The key to living is in the last place you’ll look.
I know this is probably going to be an edgy topic right now. But I want to talk about death from a Stoic perspective.
So full compassion for people facing the prospect of losing loved-ones right now, through Covid or through whatever rusty scythe Old Death is waving at us right now. Death is a brutal loss to have to come to terms with.
But, in a world of few guarantees, death is definitely one we’re going to have to deal with sooner or later.
And it’s tough when we’re talking about our loved ones, but it’s a particularly challenging exercise to get our minds around the reality of our own mortality.
We’re not geared for it. Our egos want to live forever. We all hold out on the hope that maybe we will be the one human in the history of the world who might live forever.
But we won’t be.
We will die.
This thought can be terrifying. And most of us choose to stick our heads in the sand and ignore it. Like, just pretend that death isn’t even a thing.
But that wasn’t the Stoic way. The Stoics wanted to stay awake to the reality of death – to carry that awareness in every moment.
As Marcus Aurelius said,
“You could leave this life right now… let that determine what you do and say and think.”
This is one of the reasons why they have a reputation for being a ‘grim’ philosophy.
So why did they do it?
I think what happens when you become conscious of death – when you meditate on it consciously, or you have a near-death experience like a car crash – is that you become very grateful for the life you have.
If I told you that you had just five minutes left on earth, I can guarantee you that they will probably be some of the sweetest minutes of your entire life. You would taste the full sweetness of the air, you would feel the warm sun or the cool wind on your skin, you would savour the rich world of emotion and memory that lives in your mind.
You would drink in everything life had to offer you, knowing that the call for last drinks had already gone out.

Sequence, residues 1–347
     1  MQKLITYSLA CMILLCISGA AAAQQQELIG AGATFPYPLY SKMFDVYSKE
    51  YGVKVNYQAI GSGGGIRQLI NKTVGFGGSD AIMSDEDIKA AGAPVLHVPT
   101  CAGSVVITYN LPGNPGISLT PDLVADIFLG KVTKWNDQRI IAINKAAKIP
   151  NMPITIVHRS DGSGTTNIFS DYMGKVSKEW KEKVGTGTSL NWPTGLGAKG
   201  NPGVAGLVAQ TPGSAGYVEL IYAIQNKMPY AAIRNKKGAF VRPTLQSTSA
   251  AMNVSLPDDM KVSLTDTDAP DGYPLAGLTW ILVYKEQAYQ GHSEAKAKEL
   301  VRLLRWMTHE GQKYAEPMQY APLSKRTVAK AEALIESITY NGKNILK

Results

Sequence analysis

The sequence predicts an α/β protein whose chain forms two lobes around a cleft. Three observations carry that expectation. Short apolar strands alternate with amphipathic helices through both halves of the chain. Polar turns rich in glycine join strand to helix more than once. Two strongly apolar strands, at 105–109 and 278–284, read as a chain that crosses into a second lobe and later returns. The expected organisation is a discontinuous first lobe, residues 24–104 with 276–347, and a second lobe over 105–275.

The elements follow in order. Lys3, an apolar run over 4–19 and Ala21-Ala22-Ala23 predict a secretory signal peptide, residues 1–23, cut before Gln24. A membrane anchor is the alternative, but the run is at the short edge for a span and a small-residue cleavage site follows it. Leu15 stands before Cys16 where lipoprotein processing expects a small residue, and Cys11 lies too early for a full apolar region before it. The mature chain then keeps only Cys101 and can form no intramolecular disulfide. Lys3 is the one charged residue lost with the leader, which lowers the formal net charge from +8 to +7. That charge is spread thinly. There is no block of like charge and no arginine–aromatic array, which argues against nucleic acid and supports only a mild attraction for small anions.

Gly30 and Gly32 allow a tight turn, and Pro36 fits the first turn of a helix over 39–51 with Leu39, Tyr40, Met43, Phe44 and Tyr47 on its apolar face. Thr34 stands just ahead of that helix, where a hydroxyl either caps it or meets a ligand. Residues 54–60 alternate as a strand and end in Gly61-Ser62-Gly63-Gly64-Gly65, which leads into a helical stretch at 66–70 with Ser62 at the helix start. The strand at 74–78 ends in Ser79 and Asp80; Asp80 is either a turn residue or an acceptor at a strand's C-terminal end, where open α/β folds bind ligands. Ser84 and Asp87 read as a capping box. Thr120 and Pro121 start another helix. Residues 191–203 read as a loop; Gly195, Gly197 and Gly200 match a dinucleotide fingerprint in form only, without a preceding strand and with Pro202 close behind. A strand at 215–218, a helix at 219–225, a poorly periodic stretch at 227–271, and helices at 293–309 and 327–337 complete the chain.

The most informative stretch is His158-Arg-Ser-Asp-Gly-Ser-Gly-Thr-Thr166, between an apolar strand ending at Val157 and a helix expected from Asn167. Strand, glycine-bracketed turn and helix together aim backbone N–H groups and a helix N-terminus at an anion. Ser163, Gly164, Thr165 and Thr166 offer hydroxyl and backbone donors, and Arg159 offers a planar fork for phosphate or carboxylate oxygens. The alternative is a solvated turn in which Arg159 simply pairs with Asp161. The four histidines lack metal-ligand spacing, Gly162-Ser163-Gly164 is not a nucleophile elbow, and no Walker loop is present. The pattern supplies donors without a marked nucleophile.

Nothing snaps you back into the moment like coming face to face with Death’s ugly head.
And so for the Stoics, meditating on death, trying to be consciously alive to our own mortality – that was nothing but a strategy for living fully – for living with gratitude and gusto.
The more you did it, the richer your life would become.
And what I would note here is that this is an idea that pops up all over the world. It pops up again and again.
That says something, doesn’t it?
Like, take this passage I’ve always loved from the Hagakure – A manual for the Samurai in Japan.
The Way of the Samurai is found in death.
Meditation on inevitable death should be performed daily. Every day when one's body and mind are at peace, one should meditate upon being ripped apart by arrows, rifles, spears and swords, being carried away by surging waves, being thrown into the midst of a great fire, being struck by lightning, being shaken to death by a great earthquake, falling from thousand-foot cliffs, dying of disease or committing seppuku at the death of one's master.
And every day without fail one should consider himself as dead. This is the substance of the way of the samurai.
It is a hard reality to face. Death is coming.
But if we can face that reality – really face that reality – then that is when we start truly living.